Saturday, August 1, 2009

Darwyn Cooke's The Hunter

I finally got my copy of Darwyn Cooke's adaptation of The Hunter this week. It's nice. I mean, really nice. I was expecting something like your usual graphic novel, but this is more like a nice hardcover book in both dimensions and quality. This presentation is perhaps fitting given the new respectability of graphic novels. I remember when the term was used to describe several issues of a comic book series cheaply slapped together to bring in a few extra bucks. Cooke's The Hunter is anything but cheap, and it certainly bears all the hallmarks of a labor of love. There's no attempt to fancy up the source material, or make it more modern. It's set in 1962, when the original book was set, and, with the exception of the ending, it hews closely to the original story. I suspect the bit Cooke saw fit to cut will actually show up in his planned adpatation of the next novel, The Man with the Getaway Face. The graphic novel's ending allows it work as a stand alone story, which strikes me as the author hedging his bets. The remaining three adapations showing up on store shelves is probably contingent on how well The Hunter sells, so a cliffhanger might leave people hanging forever.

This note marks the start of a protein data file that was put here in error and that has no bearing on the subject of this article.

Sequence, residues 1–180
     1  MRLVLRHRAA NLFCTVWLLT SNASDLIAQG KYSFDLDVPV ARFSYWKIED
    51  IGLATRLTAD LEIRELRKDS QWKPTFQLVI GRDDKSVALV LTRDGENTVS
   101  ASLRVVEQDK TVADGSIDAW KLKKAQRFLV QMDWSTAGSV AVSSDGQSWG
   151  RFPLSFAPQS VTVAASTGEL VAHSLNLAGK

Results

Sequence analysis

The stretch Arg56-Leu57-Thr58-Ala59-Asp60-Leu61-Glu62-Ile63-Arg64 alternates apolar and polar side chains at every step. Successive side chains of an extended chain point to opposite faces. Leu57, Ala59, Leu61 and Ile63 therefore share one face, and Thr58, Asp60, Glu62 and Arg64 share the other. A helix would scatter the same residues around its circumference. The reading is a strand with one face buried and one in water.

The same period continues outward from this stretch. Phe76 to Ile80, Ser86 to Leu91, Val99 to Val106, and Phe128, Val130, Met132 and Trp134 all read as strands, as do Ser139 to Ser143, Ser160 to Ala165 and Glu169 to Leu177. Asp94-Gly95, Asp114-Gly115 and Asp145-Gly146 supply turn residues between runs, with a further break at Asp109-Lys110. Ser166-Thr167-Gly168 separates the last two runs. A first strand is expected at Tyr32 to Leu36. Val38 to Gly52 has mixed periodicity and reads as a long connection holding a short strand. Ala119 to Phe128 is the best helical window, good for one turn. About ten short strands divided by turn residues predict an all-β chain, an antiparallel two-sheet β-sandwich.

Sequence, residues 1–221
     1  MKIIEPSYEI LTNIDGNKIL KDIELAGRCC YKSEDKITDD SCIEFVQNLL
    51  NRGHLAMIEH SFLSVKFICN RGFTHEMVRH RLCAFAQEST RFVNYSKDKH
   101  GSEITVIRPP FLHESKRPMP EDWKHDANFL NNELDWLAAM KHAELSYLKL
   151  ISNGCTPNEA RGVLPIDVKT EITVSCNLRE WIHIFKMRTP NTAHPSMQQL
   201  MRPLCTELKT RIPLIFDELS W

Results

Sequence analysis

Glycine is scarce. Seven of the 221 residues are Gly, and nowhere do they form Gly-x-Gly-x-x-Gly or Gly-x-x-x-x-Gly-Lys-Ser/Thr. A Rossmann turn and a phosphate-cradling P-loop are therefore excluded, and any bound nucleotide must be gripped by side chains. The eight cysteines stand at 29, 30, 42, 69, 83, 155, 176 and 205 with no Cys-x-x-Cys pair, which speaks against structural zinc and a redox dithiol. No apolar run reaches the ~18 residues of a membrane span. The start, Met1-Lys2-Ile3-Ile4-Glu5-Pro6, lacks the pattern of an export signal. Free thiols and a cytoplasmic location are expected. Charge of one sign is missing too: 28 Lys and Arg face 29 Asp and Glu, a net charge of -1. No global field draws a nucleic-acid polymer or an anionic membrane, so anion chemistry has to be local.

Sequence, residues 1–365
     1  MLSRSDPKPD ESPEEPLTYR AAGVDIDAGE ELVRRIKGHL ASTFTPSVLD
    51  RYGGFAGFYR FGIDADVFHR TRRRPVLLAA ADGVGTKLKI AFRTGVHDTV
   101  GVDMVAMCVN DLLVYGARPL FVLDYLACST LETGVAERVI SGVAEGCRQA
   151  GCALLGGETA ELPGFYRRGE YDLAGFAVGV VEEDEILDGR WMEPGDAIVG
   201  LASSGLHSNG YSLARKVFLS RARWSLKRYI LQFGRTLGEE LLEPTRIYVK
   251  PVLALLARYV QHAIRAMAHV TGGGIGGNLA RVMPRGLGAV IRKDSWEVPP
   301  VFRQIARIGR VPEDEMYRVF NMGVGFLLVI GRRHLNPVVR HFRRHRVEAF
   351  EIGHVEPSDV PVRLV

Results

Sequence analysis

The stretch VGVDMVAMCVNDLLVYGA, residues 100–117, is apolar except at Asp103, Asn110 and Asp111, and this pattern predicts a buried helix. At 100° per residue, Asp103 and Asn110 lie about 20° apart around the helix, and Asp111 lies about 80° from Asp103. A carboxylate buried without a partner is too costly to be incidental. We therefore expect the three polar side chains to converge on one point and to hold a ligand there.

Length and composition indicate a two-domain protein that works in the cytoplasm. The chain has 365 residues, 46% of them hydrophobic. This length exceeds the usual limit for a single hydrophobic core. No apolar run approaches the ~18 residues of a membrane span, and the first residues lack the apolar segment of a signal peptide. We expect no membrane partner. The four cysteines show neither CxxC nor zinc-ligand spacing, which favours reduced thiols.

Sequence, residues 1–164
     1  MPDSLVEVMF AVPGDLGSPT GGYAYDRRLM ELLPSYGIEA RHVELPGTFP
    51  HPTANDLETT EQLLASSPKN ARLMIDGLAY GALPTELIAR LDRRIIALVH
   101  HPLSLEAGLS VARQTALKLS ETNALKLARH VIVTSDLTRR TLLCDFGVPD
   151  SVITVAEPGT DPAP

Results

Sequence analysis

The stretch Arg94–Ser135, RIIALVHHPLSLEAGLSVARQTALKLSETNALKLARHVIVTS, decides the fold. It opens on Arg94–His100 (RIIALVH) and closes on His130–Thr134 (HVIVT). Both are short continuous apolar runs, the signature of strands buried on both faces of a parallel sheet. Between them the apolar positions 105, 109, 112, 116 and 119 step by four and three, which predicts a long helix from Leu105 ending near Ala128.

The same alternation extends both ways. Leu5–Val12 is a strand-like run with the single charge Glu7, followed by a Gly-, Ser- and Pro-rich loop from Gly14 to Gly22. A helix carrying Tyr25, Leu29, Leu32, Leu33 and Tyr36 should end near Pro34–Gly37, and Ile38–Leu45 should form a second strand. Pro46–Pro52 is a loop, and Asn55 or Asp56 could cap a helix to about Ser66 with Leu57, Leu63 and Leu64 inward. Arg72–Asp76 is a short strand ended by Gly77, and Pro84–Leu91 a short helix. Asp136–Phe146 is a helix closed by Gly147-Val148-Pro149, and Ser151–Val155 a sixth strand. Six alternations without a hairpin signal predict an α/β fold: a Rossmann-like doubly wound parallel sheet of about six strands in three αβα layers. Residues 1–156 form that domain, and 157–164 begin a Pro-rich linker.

Cooke's Parker inhabits a world that is black, white and blue. The choice works very well. Full color would have been too much, and black and white would have been a bit too stark (no pun intended). The color and the artwork, both complement the tone of the story. Cooke's Parker, who the reader does not see from the front for the first twenty or so pages. All in all, I was very pleased with this book. I hope it will turn some people on to some of these Stark reprints.

No comments: